(-) Telus (T-T) reported a healthy quarter, with revenue and earnings all in line and overall decent numbers across the board. 2023 guidance pointed to 11-14% revenue growth and Adj. EBITDA growth of 9.5%-11.5%. Shares dipped as Free Cash Flow (FCF) guidance was $2B versus consensus that had estimates closer to the $2.5B range. The guide still represents solid growth but it did come in below many analysts’ estimates. That being said, a major positive to come out of this report is that they are now done with the fibre build, which has been a decade long project, and capex intensity is expected to drop to about 13% and continue to move lower. Couple that along with the fact that Telus is now in a position where they can decommission copper on the network, translating to cost efficiency going forward, and you have a rather differentiated telecom company in the space. Shares currently yield 5.19%. We added to our position on market weakness. Owned in Core and Cash Flow Portfolios.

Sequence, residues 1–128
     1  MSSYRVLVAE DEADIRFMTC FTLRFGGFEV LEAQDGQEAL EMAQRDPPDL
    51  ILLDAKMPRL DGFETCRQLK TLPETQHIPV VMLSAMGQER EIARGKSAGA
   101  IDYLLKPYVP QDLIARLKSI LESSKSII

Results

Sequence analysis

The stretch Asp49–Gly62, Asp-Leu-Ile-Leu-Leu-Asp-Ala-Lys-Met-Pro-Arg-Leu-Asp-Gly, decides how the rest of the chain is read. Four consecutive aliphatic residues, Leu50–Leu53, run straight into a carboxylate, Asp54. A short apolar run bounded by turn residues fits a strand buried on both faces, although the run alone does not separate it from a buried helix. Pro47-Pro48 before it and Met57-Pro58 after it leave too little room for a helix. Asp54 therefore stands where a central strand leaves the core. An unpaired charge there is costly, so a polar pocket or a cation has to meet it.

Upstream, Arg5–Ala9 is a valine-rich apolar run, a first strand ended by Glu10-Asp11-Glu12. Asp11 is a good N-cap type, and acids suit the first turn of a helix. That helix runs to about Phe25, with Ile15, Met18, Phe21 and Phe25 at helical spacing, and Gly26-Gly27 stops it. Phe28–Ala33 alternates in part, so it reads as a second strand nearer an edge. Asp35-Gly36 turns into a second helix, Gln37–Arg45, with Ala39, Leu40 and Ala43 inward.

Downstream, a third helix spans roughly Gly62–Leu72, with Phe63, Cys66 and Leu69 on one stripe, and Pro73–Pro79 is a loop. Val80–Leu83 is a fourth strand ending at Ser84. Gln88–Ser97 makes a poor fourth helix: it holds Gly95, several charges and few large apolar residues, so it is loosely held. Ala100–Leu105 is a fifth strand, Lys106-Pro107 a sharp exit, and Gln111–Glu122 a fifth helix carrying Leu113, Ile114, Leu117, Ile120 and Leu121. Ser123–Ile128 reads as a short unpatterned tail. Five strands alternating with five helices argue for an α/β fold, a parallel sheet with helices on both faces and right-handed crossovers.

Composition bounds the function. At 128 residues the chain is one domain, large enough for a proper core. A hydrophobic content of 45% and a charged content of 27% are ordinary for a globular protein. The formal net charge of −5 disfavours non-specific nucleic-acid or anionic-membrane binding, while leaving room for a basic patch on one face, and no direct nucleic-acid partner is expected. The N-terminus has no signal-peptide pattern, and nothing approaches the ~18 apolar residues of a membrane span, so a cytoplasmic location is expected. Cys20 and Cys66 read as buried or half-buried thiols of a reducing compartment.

(+) TransDigm Group (TDG-US) reported fiscal 1Q23 revenues of $1.397B (up 17%). EBITDA margins were 50% (47.3% in fiscal 1Q22), and adjusted EPS was $4.58, compared to our estimate of $4.51. TransDigm operates as a holding company with a clear, consistent strategy: acquire businesses with proprietary aircraft components, primarily sole-source products, with high aftermarket content. TransDigm’s businesses manufacture and sell replacement parts for ignition systems, pumps, actuators, and flight controls, among other things. Since aircraft must be fully maintained to be operational and TransDigm is the only provider of many of their products, the company has significant pricing power. The firm operates with a high degree of financial leverage to amplify operating results. This strategy works because potential competing spare parts must be licensed by the Federal Aviation Administration to be identical to the original product. Since TransDigm’s designs are proprietary, it is challenging for would-be competitors to prove that their design is identical. This barrier to entry allows TransDigm to extract value from regulator-required maintenance and enables the firm to aggressively price spare parts. TransDigm is highly decentralized and has numerous business units. Owned in Core Portfolio.